An Indian former diplomat provides insights into the events that resulted in the breakdown of the Agra Summit in 2001

In his upcoming book titled ‘Anger Management: The Troubled Diplomatic Relationship Between India and Pakistan’, Ambassador Ajay Bisaria, who was a key aide to Atal Bihari Vajpayee during his tenure as prime minister, sheds light on the events surrounding the collapse of the Agra Summit in 2001. According to Bisaria, the summit’s failure was primarily due to Pakistan’s then-President Pervez Musharraf’s outspoken stance on Kashmir, his perceived reluctance to address terrorism, and his insistence on linking progress in overall bilateral relations to the Kashmir issue, rather than LK Advani’s hardline approach.

During the Summit’s second day, Musharraf’s meeting with editors of major media outlets resulted in what Bisaria describes as a public airing of his hawkish views on Kashmir, equating terrorists with freedom fighters. This public telecast, Bisaria contends, gave the impression to observers that Pakistan was imposing its hardline positions on India while New Delhi’s stance remained unclear.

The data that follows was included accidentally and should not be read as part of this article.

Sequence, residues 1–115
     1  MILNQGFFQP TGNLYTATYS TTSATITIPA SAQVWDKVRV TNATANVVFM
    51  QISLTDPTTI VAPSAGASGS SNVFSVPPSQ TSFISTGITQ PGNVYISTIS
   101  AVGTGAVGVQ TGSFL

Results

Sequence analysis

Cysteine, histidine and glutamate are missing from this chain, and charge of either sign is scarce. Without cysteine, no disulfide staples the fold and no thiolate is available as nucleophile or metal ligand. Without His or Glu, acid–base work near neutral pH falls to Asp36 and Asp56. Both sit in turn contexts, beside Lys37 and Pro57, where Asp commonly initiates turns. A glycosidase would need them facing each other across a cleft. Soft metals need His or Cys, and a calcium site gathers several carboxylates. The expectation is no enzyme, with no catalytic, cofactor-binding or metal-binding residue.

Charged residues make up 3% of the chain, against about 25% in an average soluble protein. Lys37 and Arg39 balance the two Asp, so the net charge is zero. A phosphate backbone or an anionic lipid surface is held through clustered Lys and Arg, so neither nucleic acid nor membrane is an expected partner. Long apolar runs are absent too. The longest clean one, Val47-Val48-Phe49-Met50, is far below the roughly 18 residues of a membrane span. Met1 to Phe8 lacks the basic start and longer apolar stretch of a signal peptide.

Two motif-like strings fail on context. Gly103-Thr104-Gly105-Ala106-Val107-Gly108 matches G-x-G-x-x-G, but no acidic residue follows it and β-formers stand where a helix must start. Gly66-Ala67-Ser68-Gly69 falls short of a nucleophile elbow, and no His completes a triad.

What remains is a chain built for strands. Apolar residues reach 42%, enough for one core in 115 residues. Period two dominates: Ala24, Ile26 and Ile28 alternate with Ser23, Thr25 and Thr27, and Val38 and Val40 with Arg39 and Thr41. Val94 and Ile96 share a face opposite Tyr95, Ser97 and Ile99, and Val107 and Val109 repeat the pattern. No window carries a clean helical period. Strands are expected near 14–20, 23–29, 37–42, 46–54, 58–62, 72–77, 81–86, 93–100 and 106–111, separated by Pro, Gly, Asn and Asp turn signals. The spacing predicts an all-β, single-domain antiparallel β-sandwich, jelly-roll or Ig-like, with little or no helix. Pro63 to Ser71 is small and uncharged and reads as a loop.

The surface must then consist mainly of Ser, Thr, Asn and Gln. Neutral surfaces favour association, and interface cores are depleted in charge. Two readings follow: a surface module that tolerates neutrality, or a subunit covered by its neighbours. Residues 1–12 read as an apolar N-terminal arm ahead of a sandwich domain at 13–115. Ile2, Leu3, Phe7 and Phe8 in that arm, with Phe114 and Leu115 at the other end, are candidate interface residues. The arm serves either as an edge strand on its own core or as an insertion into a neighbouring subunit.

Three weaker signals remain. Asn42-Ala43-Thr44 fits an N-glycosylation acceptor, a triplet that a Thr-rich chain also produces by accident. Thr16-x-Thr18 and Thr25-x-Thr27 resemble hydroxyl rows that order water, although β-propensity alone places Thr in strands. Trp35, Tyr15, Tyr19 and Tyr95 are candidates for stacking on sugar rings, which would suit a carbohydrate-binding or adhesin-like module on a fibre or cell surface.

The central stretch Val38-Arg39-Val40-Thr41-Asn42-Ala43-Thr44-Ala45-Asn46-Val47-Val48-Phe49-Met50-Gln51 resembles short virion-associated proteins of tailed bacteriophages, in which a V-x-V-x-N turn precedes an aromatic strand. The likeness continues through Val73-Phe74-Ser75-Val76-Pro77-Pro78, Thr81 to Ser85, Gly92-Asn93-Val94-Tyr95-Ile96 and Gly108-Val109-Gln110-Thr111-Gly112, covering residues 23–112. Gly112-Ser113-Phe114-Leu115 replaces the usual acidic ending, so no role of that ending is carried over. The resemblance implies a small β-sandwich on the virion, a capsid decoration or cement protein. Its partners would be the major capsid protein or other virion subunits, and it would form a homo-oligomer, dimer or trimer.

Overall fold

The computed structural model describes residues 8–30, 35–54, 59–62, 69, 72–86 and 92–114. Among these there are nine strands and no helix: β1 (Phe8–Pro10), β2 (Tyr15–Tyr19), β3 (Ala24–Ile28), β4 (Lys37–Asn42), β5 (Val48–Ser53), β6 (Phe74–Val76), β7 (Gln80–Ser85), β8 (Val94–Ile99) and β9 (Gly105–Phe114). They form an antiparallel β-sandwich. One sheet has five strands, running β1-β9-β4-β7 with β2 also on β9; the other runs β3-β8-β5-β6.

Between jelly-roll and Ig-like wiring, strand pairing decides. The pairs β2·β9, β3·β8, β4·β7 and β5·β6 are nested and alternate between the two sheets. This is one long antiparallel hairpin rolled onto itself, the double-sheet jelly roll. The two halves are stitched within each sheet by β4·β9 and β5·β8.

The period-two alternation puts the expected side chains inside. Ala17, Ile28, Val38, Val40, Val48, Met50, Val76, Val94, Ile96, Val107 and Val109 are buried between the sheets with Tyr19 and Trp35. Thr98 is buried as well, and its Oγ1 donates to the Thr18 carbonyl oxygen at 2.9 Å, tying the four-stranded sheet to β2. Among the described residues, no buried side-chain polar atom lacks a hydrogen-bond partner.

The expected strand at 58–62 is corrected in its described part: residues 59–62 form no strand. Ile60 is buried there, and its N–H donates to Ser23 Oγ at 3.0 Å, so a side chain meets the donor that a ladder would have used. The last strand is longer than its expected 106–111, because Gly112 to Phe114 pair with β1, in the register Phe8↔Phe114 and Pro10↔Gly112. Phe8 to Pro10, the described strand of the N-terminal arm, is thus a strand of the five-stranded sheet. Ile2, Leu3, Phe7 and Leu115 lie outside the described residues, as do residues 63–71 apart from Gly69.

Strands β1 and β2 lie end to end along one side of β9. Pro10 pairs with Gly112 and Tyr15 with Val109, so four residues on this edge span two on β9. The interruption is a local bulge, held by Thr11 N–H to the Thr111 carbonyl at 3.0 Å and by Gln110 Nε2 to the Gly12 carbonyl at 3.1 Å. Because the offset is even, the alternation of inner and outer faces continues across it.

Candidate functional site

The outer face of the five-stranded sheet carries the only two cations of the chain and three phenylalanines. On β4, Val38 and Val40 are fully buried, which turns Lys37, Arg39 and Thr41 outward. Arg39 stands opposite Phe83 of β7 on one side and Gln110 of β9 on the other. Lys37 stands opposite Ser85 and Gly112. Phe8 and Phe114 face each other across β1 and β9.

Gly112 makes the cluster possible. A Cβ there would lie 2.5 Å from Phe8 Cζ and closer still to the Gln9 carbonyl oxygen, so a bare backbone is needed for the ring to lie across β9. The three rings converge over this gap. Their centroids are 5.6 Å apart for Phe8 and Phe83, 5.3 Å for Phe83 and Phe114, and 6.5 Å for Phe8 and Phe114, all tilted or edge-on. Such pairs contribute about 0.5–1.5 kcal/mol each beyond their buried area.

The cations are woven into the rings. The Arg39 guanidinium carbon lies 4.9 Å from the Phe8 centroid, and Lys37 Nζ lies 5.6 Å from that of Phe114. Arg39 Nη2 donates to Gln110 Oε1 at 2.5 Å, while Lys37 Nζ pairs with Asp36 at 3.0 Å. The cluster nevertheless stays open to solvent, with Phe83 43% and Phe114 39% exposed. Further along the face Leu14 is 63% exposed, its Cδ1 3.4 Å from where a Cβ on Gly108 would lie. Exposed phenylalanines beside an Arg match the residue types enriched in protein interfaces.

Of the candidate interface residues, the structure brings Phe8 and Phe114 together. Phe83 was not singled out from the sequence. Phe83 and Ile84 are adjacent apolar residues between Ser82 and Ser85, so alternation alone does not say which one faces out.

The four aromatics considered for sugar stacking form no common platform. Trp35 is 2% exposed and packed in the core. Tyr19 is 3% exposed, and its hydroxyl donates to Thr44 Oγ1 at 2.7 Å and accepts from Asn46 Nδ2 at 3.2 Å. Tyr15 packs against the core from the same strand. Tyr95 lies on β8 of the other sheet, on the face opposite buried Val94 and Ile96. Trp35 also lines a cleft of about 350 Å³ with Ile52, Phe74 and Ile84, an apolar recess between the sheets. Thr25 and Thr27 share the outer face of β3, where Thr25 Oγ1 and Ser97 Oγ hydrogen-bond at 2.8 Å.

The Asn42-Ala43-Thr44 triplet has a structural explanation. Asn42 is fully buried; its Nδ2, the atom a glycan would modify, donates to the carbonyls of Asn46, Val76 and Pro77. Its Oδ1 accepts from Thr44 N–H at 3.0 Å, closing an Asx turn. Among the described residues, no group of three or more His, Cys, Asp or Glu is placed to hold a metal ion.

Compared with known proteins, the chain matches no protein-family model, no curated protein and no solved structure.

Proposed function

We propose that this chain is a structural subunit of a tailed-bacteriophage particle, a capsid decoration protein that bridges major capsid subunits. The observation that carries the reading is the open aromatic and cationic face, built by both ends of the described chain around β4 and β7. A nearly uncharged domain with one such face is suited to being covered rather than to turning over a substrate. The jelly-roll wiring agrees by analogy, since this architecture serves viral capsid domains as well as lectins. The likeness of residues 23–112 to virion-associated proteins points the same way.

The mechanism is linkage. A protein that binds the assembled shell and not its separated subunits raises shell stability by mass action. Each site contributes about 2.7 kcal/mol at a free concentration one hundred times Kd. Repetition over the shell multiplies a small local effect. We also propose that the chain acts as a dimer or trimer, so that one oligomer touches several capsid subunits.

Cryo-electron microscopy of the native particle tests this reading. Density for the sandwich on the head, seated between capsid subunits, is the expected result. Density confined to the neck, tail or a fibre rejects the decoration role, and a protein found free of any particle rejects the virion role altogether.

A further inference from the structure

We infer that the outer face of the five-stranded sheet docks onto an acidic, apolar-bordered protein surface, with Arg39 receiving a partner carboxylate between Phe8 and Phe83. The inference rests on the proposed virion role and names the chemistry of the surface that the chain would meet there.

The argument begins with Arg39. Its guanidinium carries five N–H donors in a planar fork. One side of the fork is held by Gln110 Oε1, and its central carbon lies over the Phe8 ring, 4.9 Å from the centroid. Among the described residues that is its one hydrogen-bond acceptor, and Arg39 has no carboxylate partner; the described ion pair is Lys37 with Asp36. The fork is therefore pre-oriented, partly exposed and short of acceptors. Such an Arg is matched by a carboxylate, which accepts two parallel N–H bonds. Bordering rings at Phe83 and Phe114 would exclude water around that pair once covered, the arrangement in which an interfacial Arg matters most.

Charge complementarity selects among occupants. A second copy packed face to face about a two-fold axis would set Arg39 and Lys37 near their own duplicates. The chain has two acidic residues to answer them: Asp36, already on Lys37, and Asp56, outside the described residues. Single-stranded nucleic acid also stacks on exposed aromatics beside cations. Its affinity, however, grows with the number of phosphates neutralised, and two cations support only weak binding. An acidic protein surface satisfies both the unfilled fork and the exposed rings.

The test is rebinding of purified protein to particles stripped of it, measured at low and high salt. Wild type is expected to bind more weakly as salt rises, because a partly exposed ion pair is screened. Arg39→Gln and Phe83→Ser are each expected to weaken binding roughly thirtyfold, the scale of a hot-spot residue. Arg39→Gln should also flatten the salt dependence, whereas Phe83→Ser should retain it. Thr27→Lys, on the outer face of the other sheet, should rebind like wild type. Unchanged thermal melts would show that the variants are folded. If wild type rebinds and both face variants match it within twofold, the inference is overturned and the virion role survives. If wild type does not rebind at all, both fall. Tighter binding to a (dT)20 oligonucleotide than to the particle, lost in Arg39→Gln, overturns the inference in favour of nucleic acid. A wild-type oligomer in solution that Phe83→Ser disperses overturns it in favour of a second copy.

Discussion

Bisaria recounts a moment of dismay with Brajesh Mishra, Vajpayee’s principal secretary and National Security Advisor, as they watched Musharraf’s televised remarks from the makeshift Prime Minister’s Office in Agra. Mishra felt the need to inform Vajpayee, who was engaged in talks with Musharraf at the time, about the developments outside the meeting room. Bisaria drafted a note informing Vajpayee of Musharraf’s remarks and delivered it to him during the summit.

Upon receiving the note, Vajpayee expressed his displeasure to Musharraf, stating that his behavior was hindering the progress of the talks. Despite being playfully accused by colleagues of sabotaging the Agra initiative, Bisaria emphasizes the crucial role played by Musharraf’s public stance in derailing the summit.

Bisaria also addresses the narrative that emerged following the summit, suggesting that while Vajpayee and Foreign Minister Jaswant Singh were open to understanding and were amenable to Pakistan’s proposed joint statement linking progress in bilateral ties to the Kashmir issue, Advani vetoed it due to his opposition to any progress with Islamabad. Bisaria argues that this narrative does not accurately reflect the reality of the situation.

Additionally, Bisaria highlights Jaswant Singh’s negotiations with then-Pakistani Foreign Minister Abdul Sattar regarding the draft statement, indicating that Vajpayee consulted with his cabinet colleagues after reviewing the negotiated paper.

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